Increasingly, it seems to me that the NRA has decided to present itself not just as an organization that promotes gun ownership, but as an arbiter of the social and cultural values which they believe should define the American way of life. Is this because they need to create new digital media content simply because online media materials quickly become so stale? Or do they really believe that by keeping themselves in the forefront of social commentary that they can augment a membership which if it is dependent only on gun owners will, by definition, decide that their gun ‘rights’ aren’t threatened in the age of Trump?

Either way, if they are convinced that their messaging requires them to identify new ‘threats’ to gun ownership, the death of Theunis Botha opens up a whole, new area in which the NRA might find a new threat whose presence needs to be eradicated or at least controlled. After all, is there anything more threatening to the God-given right to walk around with a gun than a full-grown elephant, a lion or a bear?

Think That Gun Owners Really Know Why They Buy Guns? Think Again.

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About thirty years ago the gun industry discovered that people who owned guns for hunting and sport were literally dying out. At the same time, European gun makers like Glock and Sig were bringing their guns into the American market and their hi-capacity pistols quickly began displacing the traditional, six-shot revolvers made by Smith & Wesson and Colt.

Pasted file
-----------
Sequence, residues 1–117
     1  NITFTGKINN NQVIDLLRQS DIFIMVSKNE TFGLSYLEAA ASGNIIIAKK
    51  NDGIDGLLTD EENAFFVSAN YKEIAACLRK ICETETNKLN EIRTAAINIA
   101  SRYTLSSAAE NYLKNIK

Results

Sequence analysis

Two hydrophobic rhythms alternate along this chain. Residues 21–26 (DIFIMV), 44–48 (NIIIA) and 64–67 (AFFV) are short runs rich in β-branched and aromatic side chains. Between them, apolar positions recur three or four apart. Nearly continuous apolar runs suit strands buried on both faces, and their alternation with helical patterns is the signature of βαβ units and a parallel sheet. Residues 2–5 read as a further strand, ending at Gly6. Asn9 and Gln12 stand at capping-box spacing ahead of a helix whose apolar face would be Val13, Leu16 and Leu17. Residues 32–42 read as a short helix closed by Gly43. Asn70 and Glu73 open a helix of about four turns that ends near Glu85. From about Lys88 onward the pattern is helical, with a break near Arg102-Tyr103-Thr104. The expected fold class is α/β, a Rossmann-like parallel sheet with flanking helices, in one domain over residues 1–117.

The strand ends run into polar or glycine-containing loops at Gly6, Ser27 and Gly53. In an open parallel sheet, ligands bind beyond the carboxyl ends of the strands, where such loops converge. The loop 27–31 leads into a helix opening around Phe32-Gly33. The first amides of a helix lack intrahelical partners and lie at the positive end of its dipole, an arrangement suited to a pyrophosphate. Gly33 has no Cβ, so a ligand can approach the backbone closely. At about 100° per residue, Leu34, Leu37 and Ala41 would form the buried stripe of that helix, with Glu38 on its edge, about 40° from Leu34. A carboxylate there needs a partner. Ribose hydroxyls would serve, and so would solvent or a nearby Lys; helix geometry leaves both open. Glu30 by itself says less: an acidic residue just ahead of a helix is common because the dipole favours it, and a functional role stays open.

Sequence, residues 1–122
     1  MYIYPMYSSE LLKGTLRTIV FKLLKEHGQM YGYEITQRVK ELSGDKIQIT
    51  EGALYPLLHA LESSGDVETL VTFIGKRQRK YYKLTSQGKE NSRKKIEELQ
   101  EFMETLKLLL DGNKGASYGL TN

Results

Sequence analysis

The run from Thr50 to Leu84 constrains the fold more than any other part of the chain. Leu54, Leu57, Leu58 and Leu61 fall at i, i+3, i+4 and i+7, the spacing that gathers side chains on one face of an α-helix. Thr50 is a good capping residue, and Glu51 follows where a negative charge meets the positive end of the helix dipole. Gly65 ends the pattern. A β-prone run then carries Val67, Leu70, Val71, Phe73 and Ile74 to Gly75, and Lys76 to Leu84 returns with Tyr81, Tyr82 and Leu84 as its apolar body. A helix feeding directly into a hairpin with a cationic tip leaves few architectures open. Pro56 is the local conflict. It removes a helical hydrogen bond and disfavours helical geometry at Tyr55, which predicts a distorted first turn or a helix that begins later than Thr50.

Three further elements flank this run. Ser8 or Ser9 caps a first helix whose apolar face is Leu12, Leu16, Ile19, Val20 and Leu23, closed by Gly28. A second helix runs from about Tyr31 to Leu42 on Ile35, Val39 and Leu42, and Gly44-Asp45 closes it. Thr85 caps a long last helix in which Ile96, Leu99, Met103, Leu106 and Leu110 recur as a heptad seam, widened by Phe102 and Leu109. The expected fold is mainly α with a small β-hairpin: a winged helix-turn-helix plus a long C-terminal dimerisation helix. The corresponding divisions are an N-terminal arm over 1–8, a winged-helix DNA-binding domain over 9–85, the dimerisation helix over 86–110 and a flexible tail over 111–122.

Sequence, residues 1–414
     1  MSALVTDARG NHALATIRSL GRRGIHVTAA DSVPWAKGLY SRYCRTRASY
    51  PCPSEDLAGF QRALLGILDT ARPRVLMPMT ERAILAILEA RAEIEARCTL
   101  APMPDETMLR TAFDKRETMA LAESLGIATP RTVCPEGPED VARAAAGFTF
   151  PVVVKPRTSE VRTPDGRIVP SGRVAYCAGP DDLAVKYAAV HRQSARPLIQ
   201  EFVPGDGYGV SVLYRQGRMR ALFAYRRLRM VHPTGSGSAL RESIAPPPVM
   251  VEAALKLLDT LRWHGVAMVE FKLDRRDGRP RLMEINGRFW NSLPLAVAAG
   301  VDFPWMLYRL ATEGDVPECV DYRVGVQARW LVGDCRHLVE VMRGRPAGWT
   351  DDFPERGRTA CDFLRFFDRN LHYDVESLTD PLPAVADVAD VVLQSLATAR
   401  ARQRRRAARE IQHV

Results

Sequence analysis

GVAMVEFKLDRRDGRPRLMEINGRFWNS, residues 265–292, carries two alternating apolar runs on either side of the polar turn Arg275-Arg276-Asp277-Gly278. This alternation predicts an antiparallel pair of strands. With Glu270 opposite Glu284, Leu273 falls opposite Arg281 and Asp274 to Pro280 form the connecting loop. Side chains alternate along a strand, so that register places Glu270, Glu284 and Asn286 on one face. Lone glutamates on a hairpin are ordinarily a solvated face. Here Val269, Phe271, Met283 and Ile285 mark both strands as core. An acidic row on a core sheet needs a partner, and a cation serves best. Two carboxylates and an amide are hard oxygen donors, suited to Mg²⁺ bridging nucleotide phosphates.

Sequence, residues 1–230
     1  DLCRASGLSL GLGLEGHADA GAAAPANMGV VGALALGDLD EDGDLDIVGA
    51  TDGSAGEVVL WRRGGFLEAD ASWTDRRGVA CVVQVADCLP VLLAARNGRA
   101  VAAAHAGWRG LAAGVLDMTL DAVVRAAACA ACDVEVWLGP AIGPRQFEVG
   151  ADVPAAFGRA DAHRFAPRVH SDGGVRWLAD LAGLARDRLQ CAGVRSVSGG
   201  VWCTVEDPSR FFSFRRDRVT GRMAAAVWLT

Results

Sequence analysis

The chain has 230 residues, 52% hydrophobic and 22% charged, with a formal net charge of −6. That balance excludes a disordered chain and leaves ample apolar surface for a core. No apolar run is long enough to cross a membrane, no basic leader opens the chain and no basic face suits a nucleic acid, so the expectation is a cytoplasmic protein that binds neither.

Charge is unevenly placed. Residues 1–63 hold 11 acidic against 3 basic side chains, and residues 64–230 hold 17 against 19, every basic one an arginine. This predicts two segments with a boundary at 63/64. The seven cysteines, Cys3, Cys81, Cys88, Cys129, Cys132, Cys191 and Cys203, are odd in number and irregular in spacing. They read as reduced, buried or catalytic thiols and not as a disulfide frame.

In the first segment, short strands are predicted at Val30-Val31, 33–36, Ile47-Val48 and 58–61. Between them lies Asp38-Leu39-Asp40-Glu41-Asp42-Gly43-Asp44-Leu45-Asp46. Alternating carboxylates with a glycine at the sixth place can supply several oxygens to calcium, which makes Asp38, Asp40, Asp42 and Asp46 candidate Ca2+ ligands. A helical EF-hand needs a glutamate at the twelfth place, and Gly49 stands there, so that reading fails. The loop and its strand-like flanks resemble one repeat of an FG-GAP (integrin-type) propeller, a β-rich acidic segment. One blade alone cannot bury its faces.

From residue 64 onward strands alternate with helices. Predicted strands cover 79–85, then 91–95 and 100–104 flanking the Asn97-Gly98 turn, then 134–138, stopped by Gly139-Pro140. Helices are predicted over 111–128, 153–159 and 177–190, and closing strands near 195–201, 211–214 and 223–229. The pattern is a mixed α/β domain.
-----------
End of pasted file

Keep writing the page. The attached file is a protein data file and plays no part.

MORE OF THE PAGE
sig320              The result of this product change was that handguns, which until the 1980s constituted a sizable but nevertheless minority of all guns manufactured and sold, pulled ahead of long guns – rifles and shotguns – to the point that currently pistols outstrip all other gun categories in terms of sales. The only thing that has kept rifle sales even close has been the continued demand for ‘black’ guns (assault-style rifles.)  In fact, were it not for the sale of assault-style rifles, long guns would probably not account for even one-third of all new guns added to the civilian arsenal each year.

The gun industry messaging promoting handguns and assault rifles embraces two points of view. First is the idea that guns can and should be used to protect society from crime. This is such a pervasive attitude in the gun world that the NRA has even copyrighted the phrase ‘the armed citizen©’ so I better make sure to include it whenever I write those words (I just did.) The second argument to promote handgun ownership is that a gun symbolizes the freedoms afforded Americans by the Constitution because the 2nd Amendment gives us the ‘right’ to own a gun.